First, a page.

It’s important to do your due diligence before you use a smart contract. Examine the code in which the contract is written for anything that looks untoward or erroneous, such as a spelling or calculus mistake. Like non-smart legal contracts, one small typo in the code could have massive ramifications; it could allow for arbitrary code execution, or could simply release more funds than you expected. If you don’t understand the code, get a trusted and capable entity to do it for you. Reviewing the code should always be possible: DeFi smart contracts are open-source, so an inability to review the code is a huge red flag. You should also find out whether the blockchain has a record of previous dodgy dealings (does it have a solid bug bounty program, or was it previously involved in scandals?) or is a favored target of cybercriminals.
We’ve all heard that cryptocurrency is volatile and that investors stand to lose all their funds. One of the reasons for this volatility, aside from the widely speculative nature of the market and the fluctuations in global mining power, is the fact that the cryptosphere is very much a Wild West, in which anyone, provided they have the know-how and the capital, can create a blockchain. There really isn’t much to stop adversaries from creating an intentionally insecure blockchain. They can then encourage victims to enter into easily exploitable smart contacts or carry out so-called “rug pull” attacks, in which the blockchain’s creator manipulates the market by holding a large proportion of the blockchain’s coin supply, artificially inflating the value of the coin as the available supply to other investors decreases, and then selling off their holdings before the market can react. In traditional finance this would be known as insider trading or market manipulation.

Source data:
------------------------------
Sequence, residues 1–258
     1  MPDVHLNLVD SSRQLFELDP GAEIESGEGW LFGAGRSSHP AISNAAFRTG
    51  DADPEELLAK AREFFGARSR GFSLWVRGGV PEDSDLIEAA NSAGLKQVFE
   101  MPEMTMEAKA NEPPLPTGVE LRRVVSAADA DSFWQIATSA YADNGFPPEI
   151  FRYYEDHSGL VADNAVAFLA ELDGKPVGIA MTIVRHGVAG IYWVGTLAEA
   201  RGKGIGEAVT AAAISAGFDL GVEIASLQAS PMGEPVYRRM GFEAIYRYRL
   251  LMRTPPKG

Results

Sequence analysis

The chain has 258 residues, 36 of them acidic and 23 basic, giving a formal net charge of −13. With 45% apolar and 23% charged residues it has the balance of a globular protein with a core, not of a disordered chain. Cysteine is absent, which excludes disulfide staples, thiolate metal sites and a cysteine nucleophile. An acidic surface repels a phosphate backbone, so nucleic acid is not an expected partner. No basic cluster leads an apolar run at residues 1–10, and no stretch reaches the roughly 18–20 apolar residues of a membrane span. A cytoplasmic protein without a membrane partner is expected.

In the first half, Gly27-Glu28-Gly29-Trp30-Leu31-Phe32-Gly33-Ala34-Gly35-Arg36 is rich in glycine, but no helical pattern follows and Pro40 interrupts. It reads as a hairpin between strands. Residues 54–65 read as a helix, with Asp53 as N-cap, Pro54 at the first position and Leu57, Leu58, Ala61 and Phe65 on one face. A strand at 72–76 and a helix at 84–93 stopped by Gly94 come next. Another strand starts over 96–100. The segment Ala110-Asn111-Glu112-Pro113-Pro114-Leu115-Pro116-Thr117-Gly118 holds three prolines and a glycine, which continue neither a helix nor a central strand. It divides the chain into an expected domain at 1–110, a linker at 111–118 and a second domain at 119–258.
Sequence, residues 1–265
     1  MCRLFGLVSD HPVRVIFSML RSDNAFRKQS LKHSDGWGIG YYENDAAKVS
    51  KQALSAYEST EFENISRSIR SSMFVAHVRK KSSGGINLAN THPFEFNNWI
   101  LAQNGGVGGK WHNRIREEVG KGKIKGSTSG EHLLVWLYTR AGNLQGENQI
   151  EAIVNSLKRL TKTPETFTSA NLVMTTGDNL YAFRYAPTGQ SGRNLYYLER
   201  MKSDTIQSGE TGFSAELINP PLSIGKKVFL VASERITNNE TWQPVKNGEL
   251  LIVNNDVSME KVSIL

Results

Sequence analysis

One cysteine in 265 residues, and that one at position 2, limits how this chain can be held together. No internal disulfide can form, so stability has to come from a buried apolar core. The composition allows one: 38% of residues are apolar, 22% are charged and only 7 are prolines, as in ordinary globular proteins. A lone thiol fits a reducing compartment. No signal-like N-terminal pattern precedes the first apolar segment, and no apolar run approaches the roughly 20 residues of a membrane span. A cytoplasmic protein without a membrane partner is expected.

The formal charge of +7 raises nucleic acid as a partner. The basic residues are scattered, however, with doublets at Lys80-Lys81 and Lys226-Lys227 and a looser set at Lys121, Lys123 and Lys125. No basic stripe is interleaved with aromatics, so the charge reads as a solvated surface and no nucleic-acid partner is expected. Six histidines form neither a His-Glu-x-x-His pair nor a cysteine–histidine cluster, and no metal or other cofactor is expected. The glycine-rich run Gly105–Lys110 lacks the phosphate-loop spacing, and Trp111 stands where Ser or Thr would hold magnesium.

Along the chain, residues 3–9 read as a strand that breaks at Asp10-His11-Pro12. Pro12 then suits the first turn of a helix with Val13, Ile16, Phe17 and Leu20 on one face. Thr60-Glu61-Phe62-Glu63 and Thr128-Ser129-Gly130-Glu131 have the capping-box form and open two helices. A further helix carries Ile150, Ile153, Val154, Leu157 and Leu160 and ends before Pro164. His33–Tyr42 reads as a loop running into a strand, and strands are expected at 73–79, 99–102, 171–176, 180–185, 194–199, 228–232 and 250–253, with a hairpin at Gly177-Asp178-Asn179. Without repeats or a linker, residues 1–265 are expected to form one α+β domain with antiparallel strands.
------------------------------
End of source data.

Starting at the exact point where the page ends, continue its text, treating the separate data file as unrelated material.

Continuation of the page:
An established user on one Russian-language cybercriminal forum recently sought partners with “experience in creating their own coins and PR for them” with the aim of getting a “meme” coin listed on a cryptocurrency exchange (see Figure 2). This threat actor likely intended to conduct a “pump and dump” scheme or rug-pull attack.
We also observed one forum user commenting on how easy it was to get a coin listed on an exchange. They wrote that it would be enough to provide a positive impression of a coin to an exchange and then “provide BNB 300 [USD 167,821] to their liquidity pool”. Several forum members have also provided guides on using a freshly listed cryptocurrency to conduct airdrop scams, a sophisticated phishing attack whereby malicious tokens generate fake error messages that redirect holders to phishing pages.